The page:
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The influence of properties of daily life events on selecting other persons in self-evaluation process : From viewpoints of self-assessment motivation and self-enhancement motivation

  • NISHIMURA Takashi
    Graduate School of Biosphere Sciences, Hiroshima University:Research Fellow of the Japan Society for Promotion of Sciences
  • URA Mitsuhiro
    Faculty of Integrated Arts and Sciences, Hiroshima University
  • HASEGAWA Koji
    Research Fellow of the Japan Society for Promotion of Sciences:Faculty of Integrated Arts and Sciences, Hiroshima University

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Other Title
  • 出来事の特質の差異が自己評価過程における他者選択に及ぼす影響 : 自己査定動機と自己高揚動機の観点から
  • デキゴト ノ トクシツ ノ サイ ガ ジコ ヒョウカ カテイ ニ オケル タシャ センタク ニ オヨボス エイキョウ ジコ サテイドウキ ト ジコ コウヨウドウキ ノ カンテン カラ

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Abstract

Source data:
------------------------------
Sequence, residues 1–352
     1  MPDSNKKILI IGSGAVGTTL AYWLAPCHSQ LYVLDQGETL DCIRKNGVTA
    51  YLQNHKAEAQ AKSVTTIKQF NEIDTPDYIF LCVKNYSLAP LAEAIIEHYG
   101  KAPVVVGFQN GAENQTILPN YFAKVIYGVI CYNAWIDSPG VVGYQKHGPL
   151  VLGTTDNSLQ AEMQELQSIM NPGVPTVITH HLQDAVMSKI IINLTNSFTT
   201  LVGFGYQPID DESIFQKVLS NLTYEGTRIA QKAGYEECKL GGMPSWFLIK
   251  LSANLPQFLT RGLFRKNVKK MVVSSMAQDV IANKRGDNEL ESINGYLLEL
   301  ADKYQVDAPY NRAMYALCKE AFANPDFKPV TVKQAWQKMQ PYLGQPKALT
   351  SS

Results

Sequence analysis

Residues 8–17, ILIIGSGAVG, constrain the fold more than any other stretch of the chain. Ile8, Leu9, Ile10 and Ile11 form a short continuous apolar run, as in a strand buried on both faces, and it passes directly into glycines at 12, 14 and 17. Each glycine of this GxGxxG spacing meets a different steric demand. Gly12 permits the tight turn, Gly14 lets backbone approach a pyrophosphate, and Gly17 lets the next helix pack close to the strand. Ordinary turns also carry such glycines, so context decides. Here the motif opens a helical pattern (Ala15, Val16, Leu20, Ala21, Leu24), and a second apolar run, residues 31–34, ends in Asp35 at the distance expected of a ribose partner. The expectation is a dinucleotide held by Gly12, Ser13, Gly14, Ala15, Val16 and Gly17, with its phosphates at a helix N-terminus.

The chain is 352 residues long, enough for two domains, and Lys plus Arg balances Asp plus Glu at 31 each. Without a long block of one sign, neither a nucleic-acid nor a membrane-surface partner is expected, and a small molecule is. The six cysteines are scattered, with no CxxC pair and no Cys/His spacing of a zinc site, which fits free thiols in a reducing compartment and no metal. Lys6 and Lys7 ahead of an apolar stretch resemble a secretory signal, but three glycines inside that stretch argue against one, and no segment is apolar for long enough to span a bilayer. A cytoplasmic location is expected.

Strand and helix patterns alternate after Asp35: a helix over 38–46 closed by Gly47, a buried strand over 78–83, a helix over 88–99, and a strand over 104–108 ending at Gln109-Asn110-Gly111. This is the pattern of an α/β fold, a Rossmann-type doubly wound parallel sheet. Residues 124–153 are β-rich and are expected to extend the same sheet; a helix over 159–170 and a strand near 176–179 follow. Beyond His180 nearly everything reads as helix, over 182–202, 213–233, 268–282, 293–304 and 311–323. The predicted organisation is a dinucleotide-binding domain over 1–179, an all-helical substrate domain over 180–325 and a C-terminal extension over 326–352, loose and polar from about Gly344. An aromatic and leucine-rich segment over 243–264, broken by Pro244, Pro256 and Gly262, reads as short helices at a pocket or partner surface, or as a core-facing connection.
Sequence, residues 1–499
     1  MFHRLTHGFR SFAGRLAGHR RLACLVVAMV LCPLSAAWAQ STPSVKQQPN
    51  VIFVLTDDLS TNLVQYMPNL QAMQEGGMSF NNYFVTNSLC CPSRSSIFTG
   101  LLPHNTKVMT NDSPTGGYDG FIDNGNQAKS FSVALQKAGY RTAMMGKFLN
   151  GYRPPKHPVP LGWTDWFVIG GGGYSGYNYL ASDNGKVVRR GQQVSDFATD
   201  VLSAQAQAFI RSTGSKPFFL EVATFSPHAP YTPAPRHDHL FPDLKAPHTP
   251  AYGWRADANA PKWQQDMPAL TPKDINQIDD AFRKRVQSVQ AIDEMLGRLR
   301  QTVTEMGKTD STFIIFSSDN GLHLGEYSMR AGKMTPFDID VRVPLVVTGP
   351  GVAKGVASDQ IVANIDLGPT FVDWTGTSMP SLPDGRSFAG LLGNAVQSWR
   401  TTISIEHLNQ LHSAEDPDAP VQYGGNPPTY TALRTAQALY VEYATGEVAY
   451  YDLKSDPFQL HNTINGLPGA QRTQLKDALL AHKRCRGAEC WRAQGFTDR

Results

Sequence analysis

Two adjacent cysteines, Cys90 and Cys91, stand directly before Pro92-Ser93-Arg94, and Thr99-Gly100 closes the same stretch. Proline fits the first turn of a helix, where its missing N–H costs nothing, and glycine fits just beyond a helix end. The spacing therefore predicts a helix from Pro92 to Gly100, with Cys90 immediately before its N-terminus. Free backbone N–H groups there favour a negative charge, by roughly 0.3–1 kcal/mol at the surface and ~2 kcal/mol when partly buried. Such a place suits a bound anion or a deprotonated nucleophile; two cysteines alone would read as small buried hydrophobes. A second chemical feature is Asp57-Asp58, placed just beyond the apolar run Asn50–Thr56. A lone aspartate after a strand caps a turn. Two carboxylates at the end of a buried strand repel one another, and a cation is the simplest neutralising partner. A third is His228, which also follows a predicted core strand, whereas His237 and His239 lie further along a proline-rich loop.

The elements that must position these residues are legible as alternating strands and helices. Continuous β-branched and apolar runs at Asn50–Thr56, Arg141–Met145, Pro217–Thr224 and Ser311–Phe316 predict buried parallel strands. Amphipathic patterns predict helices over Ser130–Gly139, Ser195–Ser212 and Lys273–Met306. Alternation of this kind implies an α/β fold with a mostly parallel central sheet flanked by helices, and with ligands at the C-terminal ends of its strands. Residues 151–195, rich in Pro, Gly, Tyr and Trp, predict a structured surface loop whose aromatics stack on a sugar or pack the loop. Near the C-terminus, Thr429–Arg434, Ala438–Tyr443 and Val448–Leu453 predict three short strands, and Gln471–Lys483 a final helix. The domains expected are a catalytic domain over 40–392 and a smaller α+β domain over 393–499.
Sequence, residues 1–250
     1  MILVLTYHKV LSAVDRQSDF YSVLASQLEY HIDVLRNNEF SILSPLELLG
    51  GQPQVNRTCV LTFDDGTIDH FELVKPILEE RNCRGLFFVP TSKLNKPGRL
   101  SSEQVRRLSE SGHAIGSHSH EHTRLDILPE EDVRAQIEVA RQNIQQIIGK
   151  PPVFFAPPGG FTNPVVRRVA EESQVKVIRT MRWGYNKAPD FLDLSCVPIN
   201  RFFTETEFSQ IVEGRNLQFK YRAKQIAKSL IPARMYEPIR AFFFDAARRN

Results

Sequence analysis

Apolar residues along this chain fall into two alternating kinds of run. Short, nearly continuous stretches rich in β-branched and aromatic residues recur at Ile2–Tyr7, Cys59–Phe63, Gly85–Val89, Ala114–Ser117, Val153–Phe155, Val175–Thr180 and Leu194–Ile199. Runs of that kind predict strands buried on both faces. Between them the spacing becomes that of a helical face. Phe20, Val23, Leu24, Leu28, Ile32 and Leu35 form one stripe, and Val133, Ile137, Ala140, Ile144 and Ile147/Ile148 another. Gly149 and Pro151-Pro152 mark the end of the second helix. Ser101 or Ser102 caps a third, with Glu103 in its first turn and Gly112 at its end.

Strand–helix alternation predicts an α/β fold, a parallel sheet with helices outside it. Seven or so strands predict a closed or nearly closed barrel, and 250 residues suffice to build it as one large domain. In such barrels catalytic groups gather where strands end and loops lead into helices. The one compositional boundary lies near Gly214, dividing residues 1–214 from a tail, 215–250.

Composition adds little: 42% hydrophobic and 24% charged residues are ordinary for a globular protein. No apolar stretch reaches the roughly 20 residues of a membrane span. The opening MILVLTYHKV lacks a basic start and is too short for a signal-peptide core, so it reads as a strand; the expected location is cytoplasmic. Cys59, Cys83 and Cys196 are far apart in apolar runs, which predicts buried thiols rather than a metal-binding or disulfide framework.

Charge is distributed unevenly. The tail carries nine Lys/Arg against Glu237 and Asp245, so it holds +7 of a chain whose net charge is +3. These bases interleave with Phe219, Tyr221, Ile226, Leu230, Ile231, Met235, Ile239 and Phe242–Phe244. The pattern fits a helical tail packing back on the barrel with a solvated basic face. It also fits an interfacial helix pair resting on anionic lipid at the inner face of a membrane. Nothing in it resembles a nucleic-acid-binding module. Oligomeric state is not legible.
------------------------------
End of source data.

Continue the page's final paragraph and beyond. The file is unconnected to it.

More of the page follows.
This study investigated the relationship between daily life events and self-evaluation processes. Two hypotheses were examined. First hypothesis is that task-relevant events would activate one's self-assessment motivation, and this motivation would increase one's preference for others who they usually view as a person to give objective advises. On the other hand, socio-emotional events would activate one's self-enhancement motivation, and this motivation would increase one's preference for others who they usually view as a person to give affective advises. Second hypothesis is that, although higher preference for objective others after task-relevant events would gradually shift to higher preference for affective others, one's preference for affective others after socio-emotional events would stay higher than one's preference for objective others. A total of two hundred and twenty six students (undergraduates, graduate students and nursing school students) completed the questionnaire including a hypothetical situation on either task-relevant or socio-emotional events. The results, consistent with the hypotheses, showed that one's preference for objective others was higher than one's preference for affective others after task-relevant events, but one's preference for affectivity increased gradually. On the other hand, one's preference for affective others was higher than one's preference for objective others after socio-emotional events, and this tendency was sustained. Implications for self-disclosure research, and directions for future research are also discussed.

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